Lecturers face 'intolerable' levels of work

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The Independent Online
UNIVERSITY lecturers are being 'tested to destruction' by the hours they are forced to work, a report out today says. The Association of University Teachers, AUT, says intolerable pressure is being put on its members because of rising student numbers.

The most industrious are female professors, who spend 64 1/2 hours each week on their work - 5 1/2 hours more than their male counterparts. On average, academics work a 53 1/2 -hour week during both term time and vacations, spending a third of their time on paperwork.

The findings are based on a random sample of the AUT's 32,500 members. More than 2,600 completed diaries recording their working lives.

The survey says that the workload of university academics has increased enormously over the last decade. Student numbers have increased by 64.4 per cent while the number of staff has gone up by only 11.4 per cent.

David Triesman, general secretary of the association, said: 'Universities are in danger of losing their way. Teachers spend more time at administration than teaching . . . The teacher's week no longer has boundaries which foster quality.'

The Government's efforts to check the quality of universities and to make them more accountable meant that academics now spent up to 18 hours a week on administration, the survey found. The report said: 'While meetings and paperwork are a necessary part of the running of universities, the level of administration indicates the increasingly unreasonable demands being made on academics' time . . . by research assessment, teaching quality assessment and quality audit.'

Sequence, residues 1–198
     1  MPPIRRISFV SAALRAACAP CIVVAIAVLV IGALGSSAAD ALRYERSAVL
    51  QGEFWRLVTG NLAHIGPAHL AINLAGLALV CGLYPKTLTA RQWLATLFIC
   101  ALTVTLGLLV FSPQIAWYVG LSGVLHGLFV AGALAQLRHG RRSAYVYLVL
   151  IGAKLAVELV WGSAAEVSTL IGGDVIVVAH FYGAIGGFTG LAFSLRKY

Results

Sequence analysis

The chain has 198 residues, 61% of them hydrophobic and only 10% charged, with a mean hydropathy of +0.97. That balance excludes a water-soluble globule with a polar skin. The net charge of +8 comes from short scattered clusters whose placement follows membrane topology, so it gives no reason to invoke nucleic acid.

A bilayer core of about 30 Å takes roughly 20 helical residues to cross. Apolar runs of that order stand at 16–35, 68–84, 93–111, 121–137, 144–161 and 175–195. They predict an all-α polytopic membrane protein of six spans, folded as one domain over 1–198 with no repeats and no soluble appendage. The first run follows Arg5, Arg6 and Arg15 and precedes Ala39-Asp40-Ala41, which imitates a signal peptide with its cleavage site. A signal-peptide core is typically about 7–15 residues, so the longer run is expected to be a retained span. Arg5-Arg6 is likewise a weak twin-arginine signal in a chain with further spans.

Staff in medicine and allied subjects worked the longest hours, followed by those in creative arts. Forty per cent of academic research is being squeezed into evenings and weekends, the survey found.

Meanwhile, the vice-chancellor of Oxford University has warned ministers not to introduce further changes into the higher education system for the time being.

Dr Peter North, making his annual oration to the university's staff, said a promise by Gillian Shephard, Secretary of State for Education, of a period of consolidation had been swiftly followed by reports of a full-scale review of the higher education system.

'That is hardly consolidation, and I sincerely trust that she was misreported,' he said. 'The whole university system has been subjected to a decade or more of upheaval with changes of course, of structure and of financing following hot on each others' heels.'

Dr North warned the Government it should be wary of interfering with the universities too frequently. 'Contemplation of our navel by external bodies is going to unjustifiable extremes,' he said.

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